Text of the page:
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RoSPA: Road Safety Is Vital For Public Health

Road Safety And Public Health Teams Should Have Shared Agendas


The Royal Society for the Prevention of Accidents (RoSPA) believes road safety and public health groups should work together more closely.

It has published a new report, entitled Road Safety and Public Health, and it suggested that people might be more inclined to take up walking or cycling if the UK's roads were safer.

Numerous campaigns have been launched in recent weeks to raise awareness of the importance of being careful and considerate when driving a vehicle.

Indeed, the AA introduced a scheme that saw one million yellow stickers - which act as a reminder to motorists to check their blind spots for bikers and cyclists - distributed across the country, while the government has also outlined plans to invest huge sums of money on new cycle-friendly routes, particularly in London.

RoSPA concluded that road safety and public health teams should have "shared agendas".

It used a bridge-building project in Willow Bridge, Cambridgeshire, as a good example of a venture that has helped to improve road safety and public health at the same time.

A cycle route and walkway was constructed over the River Great Ouse, which has not only given people more incentive to use pedal power, but has also helped to reduce traffic, thus lowering the chances of an accident.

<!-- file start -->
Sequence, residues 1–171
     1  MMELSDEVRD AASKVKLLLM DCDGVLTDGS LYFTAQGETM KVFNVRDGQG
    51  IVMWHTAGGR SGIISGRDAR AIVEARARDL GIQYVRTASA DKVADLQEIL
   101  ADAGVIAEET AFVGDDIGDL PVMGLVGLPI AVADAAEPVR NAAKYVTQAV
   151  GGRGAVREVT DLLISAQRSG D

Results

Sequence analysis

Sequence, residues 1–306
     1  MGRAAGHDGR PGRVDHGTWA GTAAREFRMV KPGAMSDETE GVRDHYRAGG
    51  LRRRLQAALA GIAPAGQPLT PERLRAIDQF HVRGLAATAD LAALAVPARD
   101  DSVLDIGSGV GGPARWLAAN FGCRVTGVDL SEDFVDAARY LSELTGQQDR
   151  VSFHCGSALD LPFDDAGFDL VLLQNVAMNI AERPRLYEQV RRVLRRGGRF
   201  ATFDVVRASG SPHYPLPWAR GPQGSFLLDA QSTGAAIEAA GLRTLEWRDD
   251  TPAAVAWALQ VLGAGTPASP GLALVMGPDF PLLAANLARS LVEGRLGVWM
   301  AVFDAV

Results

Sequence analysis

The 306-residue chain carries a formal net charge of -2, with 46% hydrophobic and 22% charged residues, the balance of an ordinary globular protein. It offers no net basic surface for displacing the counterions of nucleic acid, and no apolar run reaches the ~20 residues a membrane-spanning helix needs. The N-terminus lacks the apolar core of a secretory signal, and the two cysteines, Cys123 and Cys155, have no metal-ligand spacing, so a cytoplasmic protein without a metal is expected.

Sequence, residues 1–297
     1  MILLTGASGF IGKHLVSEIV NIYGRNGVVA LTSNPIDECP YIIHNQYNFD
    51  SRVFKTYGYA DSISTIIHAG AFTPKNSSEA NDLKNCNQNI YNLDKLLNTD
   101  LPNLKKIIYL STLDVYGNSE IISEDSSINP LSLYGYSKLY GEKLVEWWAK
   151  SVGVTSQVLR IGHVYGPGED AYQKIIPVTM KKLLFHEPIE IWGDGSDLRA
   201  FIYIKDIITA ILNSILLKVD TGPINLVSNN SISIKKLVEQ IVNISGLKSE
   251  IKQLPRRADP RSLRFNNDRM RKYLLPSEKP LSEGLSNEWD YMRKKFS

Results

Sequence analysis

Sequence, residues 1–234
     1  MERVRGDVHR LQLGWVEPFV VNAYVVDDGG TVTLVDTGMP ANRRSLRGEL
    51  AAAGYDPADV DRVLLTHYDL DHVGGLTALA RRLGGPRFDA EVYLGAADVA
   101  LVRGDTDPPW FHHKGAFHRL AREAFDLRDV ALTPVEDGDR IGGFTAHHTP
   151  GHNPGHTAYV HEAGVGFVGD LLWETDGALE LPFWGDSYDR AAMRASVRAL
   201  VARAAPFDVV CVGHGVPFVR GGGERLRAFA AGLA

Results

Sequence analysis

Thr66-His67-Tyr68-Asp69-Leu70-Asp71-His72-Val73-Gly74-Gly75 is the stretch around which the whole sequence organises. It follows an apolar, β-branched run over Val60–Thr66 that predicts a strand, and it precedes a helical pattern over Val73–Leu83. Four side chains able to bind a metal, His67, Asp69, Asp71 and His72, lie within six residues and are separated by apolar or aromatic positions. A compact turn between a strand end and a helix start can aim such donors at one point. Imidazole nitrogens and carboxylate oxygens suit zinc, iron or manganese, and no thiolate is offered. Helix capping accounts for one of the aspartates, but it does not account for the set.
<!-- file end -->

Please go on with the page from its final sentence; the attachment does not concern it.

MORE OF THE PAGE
The study stated that more joint projects should be launched and information should be shared between different groups more frequently.

Duncan Vernon, road safety manager at RoSPA and author of the report, said: "Many actions to improve road safety will also have a positive effect on other areas of health and we need to make sure that we're getting this right.  

"Integrated or coordinated efforts that involve road safety professionals, highways departments and public health teams are essential, especially where the joint working is supported by local strategies that make these links clear and use the best information and data."

Expert Opinion
The health benefits of cycling and walking are very well known, but time and time again there are suggestions that take-up in the former may be limited due to potential safety concerns among the general public about such activities.

"It is vital that work to improve road safety and public health goes hand-in-hand, due to the mutual benefits that such issues offer each other.

"We welcome the calls for both areas to work more closely together to develop integrated campaigns and projects which ensure that not only people get to enjoy healthier lifestyles, but they also get to do so in the safest possible manner."
Stephen Nye, Partner

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